You may recognize my cheerful voice from the other end of the line, helping you find the best seats to a popular show, or my bespectacled face from behind the little windowpane, hunting for your tickets on opening night.
My name is Randi, and I work here at Evergreen Cultural Centre in the box office. You may be surprised to find out, however, that working in your neighbourhood box office is not all I do in the theatre world. I am an actor, a puppeteer, a drama teacher, and a co-artistic producer for Vancouver based theatre company star star theatre. I’m also always eager to learn, which is how I ended up assisting directing In a Blue Moon.
I grew up in the dusty interior city of Kamloops, BC – not far from where In a Blue Moon takes place. I left the city to go to university in Victoria, but the theatre community there has always held an important place in my heart. Way back in June, while having a conversation with Artistic Director of Western Canada Theatre and director of In a Blue Moon, Daryl Cloran, about how I can be more involved in the theatre community of my hometown, the possibility of assistant directing this gorgeous new Canadian play came up. Naturally, I jumped at the idea.
Six months later, right around Christmas, rehearsals began in Kamloops. Watching veteran actors Anita Wittenburg (Ava) and Brett Christopher (Will) use their considerable talents to dig into their characters was like magic. Emma Tow (Anita’s real-life daughter who plays Ava’s daughter Frankie) captured the innocence and curiosity of her six-year old character with ease, and the moments where Emma dances are among my favourite in the play. Daryl’s skilled direction filled moments of simplicity with richness, intensity, and feeling. As for me, I was pretty pleased that my years of yoga training came in handy when we blocked Ava’s yoga moments!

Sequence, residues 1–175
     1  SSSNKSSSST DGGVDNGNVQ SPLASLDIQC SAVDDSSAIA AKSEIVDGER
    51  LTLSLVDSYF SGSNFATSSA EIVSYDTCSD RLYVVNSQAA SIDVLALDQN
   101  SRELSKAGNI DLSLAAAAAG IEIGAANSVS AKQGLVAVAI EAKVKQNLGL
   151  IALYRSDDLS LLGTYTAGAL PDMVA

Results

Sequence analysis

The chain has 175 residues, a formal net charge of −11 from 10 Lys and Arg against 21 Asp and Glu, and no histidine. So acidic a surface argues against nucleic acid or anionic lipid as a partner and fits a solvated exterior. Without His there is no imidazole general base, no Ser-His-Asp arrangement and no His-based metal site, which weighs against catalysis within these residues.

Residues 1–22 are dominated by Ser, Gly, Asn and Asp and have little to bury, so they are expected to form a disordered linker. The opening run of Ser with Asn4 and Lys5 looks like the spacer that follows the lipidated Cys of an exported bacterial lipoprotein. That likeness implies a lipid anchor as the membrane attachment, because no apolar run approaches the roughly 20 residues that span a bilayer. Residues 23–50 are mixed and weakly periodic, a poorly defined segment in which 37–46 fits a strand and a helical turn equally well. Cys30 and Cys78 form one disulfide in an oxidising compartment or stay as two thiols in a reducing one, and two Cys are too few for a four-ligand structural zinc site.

Of particular note during the process were the days when playwright Lucia Frangione and the Arts Club dramaturg Rachel Ditor attended rehearsals. Having the playwright in the room is such a novelty and we were able to ask Lucia some very focused questions about the script. Some of the biggest changes we made in rehearsal came in the days after Lucia visited.
We also had designers attend many of the rehearsals, adding beauty whenever they came. The stunning sound design, including many original compositions by sound designer John Gzowski, was layered in slowly throughout the whole process. The projection design by Conor Moore includes moments of such specific timing that we needed to spend hours perfecting them in rehearsal. Drew Facey’s set design, one that captures the dusty, sagebrush-spotted landscape of the Thompson-Okanagan, is beautifully complemented by Marian Truscott’s bright and flowing costume design – though we had to wait to Vancouver to incorporate those elements.
Some of my favourite days in rehearsal were the moments when exciting new pieces were added – a gorgeous statue of Ganesha, who is practically his own character in the play; the stained glass window light, which adds incredible visual beauty to Lucia’s poetic language; and all of the hilarious edible props, some of which you may even be able to smell in the front row!
I am so proud of my involvement with this stunning production. It is touching, funny, beautiful, and full of heart and, even though I have now seen countless runs of the show, it still moves me every time. I can’t wait for you to enjoy it!